Our cultural explorations continue, but indoors this time, at the Indian Pueblo Cultural Center, a great introduction to the 19 Native American habitats that dot the New Mexican landscape – some of which you will undoubtedly later visit in person. Free tours are led by enthusiastic volunteer docents, who explain the meanings behind the many exhibits and entertaining videos.   

Native art. Photo Buzzy Gordon.

The cultural center is also home to the Indian Pueblo Kitchen, arguably the best indigenous restaurant in the state, and a must for any visitor in the area. Highly recommended on the menu are the Green Chile Pork Stew, and the Blue Corn-Crusted Onion Rings with Green Chile Ranch dressing.

Albuquerque can also be your introduction to the Heritage Hotels brand of 100% New Mexican hotels and resorts (reviewed elsewhere on these pages here). Heritage has three of its 10 statewide properties in ABQ, nine of which are in the three cities featured in this article.

All Heritage Hotels are New Mexico-themed, like the award-winning Hotel Chaco, whose pristine architecture is inspired by Chaco Canyon in particular, and the state’s climactic environment in general. Hotel Chaco is convenient to just about everywhere in town – including the airport, the petroglyphs and the Indian Pueblo Cultural Center – not to mention being in walking distance to Old Town. Its very own rooftop bar-restaurant is also popular among local residents. 

Hotel Chaco is also right across the street from Sawmill Market, a diverse food hall that has been described as one of the best tasting experiences in the American West. Here you can find green chile incorporated into just about every fusion cuisine you can imagine – from French to Italian to Japanese – while washing your food down with wine, spirits and beers from a wide variety of vendors. 

santa fe (1)
Santa Fe. Photo Buzzy Gordon.

The City Different: Santa Fe 

Although it is barely an hour’s drive away from ABQ, Santa Fe is like entering another world altogether. Its widespread and distinctive adobe architecture is a wonderland unto itself, and New Mexico living in a nutshell. 

Apart from the landing place that is ABQ, Santa Fe is the most visited city in the state, and with good reason. As the state capital that is considered the oldest capital city in the United States – actually named as a capital (of the Kingdom of New Mexico) long before the USA declared itself an independent country – it is rich in history: even today, one can visit the oldest American public building, the Palace of the Governors, built in 1610 and in continuous use since then.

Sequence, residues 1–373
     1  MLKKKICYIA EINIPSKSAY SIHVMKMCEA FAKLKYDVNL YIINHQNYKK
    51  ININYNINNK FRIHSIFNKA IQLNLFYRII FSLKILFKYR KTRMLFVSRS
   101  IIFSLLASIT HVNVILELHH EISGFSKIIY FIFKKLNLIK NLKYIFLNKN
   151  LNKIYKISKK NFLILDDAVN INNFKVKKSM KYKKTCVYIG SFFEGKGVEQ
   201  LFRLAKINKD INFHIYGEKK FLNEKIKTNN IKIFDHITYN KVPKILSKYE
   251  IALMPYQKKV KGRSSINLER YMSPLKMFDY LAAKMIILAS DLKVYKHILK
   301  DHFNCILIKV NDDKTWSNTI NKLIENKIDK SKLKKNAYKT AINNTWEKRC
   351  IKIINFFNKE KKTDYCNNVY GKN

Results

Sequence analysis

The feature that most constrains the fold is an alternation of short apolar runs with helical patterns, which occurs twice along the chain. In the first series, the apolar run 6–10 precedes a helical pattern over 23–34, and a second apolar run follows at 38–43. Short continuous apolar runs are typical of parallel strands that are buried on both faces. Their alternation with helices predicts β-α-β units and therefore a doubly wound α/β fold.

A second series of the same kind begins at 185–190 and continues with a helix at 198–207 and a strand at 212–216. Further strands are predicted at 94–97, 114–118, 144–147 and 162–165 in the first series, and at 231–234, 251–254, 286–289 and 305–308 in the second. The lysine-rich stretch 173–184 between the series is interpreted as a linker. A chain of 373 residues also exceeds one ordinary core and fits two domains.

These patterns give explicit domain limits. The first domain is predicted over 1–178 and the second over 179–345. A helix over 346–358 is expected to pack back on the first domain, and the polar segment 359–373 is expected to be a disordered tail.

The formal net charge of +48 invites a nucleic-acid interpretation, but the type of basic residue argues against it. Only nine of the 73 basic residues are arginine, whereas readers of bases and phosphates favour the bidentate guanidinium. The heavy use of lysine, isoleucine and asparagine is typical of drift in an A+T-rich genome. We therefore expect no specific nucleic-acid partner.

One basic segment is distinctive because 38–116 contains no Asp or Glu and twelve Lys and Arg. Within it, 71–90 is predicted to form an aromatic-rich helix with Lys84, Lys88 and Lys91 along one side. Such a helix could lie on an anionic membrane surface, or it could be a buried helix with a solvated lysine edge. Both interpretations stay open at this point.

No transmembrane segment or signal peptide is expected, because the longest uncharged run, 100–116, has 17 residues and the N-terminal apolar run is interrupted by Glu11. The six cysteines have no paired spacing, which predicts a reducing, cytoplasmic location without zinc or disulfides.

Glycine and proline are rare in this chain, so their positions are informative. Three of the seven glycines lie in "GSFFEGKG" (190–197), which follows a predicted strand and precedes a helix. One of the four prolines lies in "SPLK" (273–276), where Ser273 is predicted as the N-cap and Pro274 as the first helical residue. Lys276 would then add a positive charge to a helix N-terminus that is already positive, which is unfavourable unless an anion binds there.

cliff dwellings
Cliff dwellings. Photo Buzzy Gordon.

Another way to enjoy learning about New Mexican history is to take the Lore of the Land train ride – one of many rail adventures offered by Sky Railway. Enjoy the scenery from the open-air flat car on a train emblazoned with a fantastical Roadrunner – the official bird of New Mexico (yet another official state designation!) – when you are not listening to the guide regale passengers with tales and legends of years gone by. Plus, you can sip margaritas while being serenaded with live music of the region.

Nature, the arts and gastronomy are the additional elements that contribute to a pleasurable stay in Santa Fe. The city lies in the foothills of the Sangre de Cristo Mountains, a subrange of the Rockies, whose name – which means “blood of Christ” – derives from the frequent alpenglow hues at sunset; try to book a hotel room (Santa Fe is home to a number of highly acclaimed destination spas) with a view of the mountains in order to enjoy the most magnificent sunsets one can possibly imagine.

museum statue
Statue outside one of Santa Fe’s museums. Photo Buzzy Gordon.

The art scene in Santa Fe comprises three different yet equally appealing dimensions. Museum Hill is an amazing concentration of interesting museums: several different showcases yielding hours of viewing enjoyment, and in particular The Museum of International Folk Art and the Museum of Indian Arts and Culture.

For many, meanwhile, the Georgia O’Keeffe Museum will be the highlight of an art experience in Santa Fe, as most of her iconic paintings are on display here. Her more devoted fans will also want to contemplate excursions outside the city to her home and studio in Abiquiu and/or Ghost Ranch, where the surrounding scenery served as her greatest inspirations, (Advance reservations are required in all three places.)

In addition, more contemporary art lovers – especially those in acquisition mode – can spend hours strolling and browsing along Canyon Road, where more than 100 galleries, boutiques and restaurants are located within a manageable stretch of a shady city street. The truly avant-garde inclined will surely want to check out the House of Eternal Return at the very different Meow Wolf.

Moreover, several times a year Santa Fe is also host to differently themed annual art festivals-cum-markets, where casual visitors and collectors alike mingle to admire the works of artists who gather her from all over the state, the region and even the world. These are in addition to the weekly markets that take place at the Railyard, the city’s main venue for public entertainment.

As a magnet for crowds, not only does the Railyard has its far share of good places to eat, but there are also many highly recommended places in the city proper. Coming in at the top of our list are La Choza, for typical New Mexican fare, and Café Pasqual’s, which became famous for its breakfast/brunch, but whose dinner is fine dining at the region’s best.